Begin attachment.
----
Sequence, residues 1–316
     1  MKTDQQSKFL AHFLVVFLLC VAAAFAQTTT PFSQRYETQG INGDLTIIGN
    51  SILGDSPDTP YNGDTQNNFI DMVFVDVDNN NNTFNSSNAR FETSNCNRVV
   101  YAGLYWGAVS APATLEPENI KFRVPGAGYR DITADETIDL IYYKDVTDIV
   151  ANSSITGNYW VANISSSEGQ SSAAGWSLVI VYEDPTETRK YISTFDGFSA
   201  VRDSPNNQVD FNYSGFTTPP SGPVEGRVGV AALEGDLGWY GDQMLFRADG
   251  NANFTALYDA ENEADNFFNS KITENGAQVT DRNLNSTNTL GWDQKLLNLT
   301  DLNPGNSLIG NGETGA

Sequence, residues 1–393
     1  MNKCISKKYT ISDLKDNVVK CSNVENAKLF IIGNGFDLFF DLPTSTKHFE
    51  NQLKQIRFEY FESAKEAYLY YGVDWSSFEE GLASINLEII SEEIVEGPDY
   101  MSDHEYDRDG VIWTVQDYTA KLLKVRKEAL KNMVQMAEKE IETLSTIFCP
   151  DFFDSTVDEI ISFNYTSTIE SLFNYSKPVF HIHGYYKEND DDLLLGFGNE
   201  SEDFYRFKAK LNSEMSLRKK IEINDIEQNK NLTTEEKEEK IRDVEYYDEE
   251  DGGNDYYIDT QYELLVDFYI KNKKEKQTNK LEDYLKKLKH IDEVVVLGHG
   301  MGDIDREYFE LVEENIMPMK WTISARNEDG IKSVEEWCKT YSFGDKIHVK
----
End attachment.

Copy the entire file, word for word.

Sequence, residues 1–316
     1  MKTDQQSKFL AHFLVVFLLC VAAAFAQTTT PFSQRYETQG INGDLTIIGN
    51  SILGDSPDTP YNGDTQNNFI DMVFVDVDNN NNTFNSSNAR FETSNCNRVV
   101  YAGLYWGAVS APATLEPENI KFRVPGAGYR DITADETIDL IYYKDVTDIV
   151  ANSSITGNYW VANISSSEGQ SSAAGWSLVI VYEDPTETRK YISTFDGFSA
   201  VRDSPNNQVD FNYSGFTTPP SGPVEGRVGV AALEGDLGWY GDQMLFRADG
   251  NANFTALYDA ENEADNFFNS KITENGAQVT DRNLNSTNTL GWDQKLLNLT
   301  DLNPGNSLIG NGETGA

Sequence, residues 1–393
     1  MNKCISKKYT ISDLKDNVVK CSNVENAKLF IIGNGFDLFF DLPTSTKHFE
    51  NQLKQIRFEY FESAKEAYLY YGVDWSSFEE GLASINLEII SEEIVEGPDY
   101  MSDHEYDRDG VIWTVQDYTA KLLKVRKEAL KNMVQMAEKE IETLSTIFCP
   151  DFFDSTVDEI ISFNYTSTIE SLFNYSKPVF HIHGYYKEND DDLLLGFGNE
   201  SEDFYRFKAK LNSEMSLRKK IEINDIEQNK NLTTEEKEEK IRDVEYYDEE
   251  DGGNDYYIDT QYELLVDFYI KNKKEKQTNK LEDYLKKLKH IDEVVVLGHG
   301  MGDIDREYFE LVEENIMPMK WTISARNEDG IKSVEEWCKT YSFGDKIHVK